Statue of Limitations

One of the more interesting things for visitors to see in the Capitol is the National Statuary Hall Collection.

It consists of 100 statues placed throughout the building – two donated by each state to commemorate people who have had an impact on their state and the nation.

While most of the statues are traditional marble sculptures of the usual suspects in U.S. history, the collection has also changed with the times. Since 2000, states are allowed to even replace their statues if they so choose – which has happened three times already.

Walking through the halls of the Capitol now, there are a few statues that manage to surprise.

There are the modern – like Utah’s “Father of Television” Philo T. Farnsworth, or Colorado astronaut John L. “Jack” Swigert, Jr.

Colorado’s modern statue of John L. “Jack” Swigert, Jr. – an astronaut who was also elected to Congress. (Photo courtesy of Architect of the Capitol)

There are the women – like Alabama’s Helen Keller and Montana’s Jeanette Rankin.

There are the Native Americans and Pacific Islanders –  like New Mexico’s Po’pay and Hawaii’s King Kamehameha I.

And there are even the Confederates – like Mississippi’s Jefferson Davis and Virgnia’s Robert E. Lee.

But there are limits to the breadth of the official collection. So far there are no African-Americans among the 100 statues, and there are no contributions from the District of Columbia.

That could soon change, with a statue of Frederick Douglass that will be heading to the Capitol.

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A Farewell to Arms in the District

Frank Buckles
Frank Buckles was only 16 when he bluffed his way into the U.S. Army and World War I.

Yesterday, World War I officially became history for Americans when the last doughboy was buried across the river at Arlington National Cemetery.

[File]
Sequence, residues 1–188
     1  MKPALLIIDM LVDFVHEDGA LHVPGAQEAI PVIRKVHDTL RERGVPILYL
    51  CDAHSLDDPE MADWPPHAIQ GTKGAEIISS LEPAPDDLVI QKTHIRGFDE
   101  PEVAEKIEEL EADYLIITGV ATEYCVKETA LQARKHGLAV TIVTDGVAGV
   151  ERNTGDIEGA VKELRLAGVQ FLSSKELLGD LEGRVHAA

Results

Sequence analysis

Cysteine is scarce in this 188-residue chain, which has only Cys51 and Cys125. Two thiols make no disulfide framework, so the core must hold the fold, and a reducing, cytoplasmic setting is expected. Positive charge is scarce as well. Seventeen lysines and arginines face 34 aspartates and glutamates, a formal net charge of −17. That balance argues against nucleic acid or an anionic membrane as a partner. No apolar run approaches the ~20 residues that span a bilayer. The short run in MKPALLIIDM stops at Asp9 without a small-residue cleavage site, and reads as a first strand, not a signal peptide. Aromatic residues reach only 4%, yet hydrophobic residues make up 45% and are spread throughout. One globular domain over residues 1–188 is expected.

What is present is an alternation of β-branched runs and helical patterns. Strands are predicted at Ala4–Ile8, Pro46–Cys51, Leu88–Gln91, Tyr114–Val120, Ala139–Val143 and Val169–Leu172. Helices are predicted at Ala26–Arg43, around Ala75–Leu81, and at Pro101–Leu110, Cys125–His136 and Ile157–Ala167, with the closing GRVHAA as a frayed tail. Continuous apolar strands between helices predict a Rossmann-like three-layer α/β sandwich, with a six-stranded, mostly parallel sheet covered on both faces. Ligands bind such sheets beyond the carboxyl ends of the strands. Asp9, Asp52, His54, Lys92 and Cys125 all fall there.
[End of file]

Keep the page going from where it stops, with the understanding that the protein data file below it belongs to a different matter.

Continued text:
Frank Woodruff Buckles died at his home in West Virginia on February 28 at the age of 110 – one of the last three known living veterans of the Great War (the two remaining are a man in Australia and a woman in Britain).

Hundreds of Washingtonians and visitors paid tribute to him by visiting the National World War I Memorial on the Mall, shuffling through the Capitol Rotunda to see his flag-draped coffin, and attending a solemn ceremony at Arlington as he was laid to rest.

Okay, so only one out of three of those things actually happened.

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The District’s Rosa Parks

An African-American woman tries to sit in a seat on public transportation implicitly reserved for whites only. She refuses to get up when ordered to move, and is forcibly evicted by the police.

Her case draws national attention, and eventually causes the Supreme Court to confront the issue of racial segregation.

Rosa Parks, by Marshall D. Rumbaugh, 1983
Rosa Parks by Marshall D. Rumbaugh at The National Portrait Gallery

If you’re thinking of Rosa Parks in Montgomery, Alabama, you’re about a hundred years too late.

I’m talking about Kate Brown, a resident of the District, who in 1868 refused to leave the car reserved for white ladies in a train bound for Washington.

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